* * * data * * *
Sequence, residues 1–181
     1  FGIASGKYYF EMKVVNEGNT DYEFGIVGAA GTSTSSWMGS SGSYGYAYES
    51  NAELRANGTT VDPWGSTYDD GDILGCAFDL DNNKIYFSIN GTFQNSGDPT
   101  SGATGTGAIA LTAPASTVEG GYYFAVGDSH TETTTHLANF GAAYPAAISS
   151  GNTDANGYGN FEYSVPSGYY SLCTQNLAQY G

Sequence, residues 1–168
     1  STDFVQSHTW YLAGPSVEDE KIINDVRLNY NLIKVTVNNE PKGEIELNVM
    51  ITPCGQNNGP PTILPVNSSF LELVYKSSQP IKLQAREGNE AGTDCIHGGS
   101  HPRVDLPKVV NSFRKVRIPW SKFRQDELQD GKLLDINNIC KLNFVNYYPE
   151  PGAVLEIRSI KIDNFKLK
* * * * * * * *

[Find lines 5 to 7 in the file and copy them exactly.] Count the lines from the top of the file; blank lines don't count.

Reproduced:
   151  GNTDANGYGN FEYSVPSGYY SLCTQNLAQY G

Sequence, residues 1–168
     1  STDFVQSHTW YLAGPSVEDE KIINDVRLNY NLIKVTVNNE PKGEIELNVM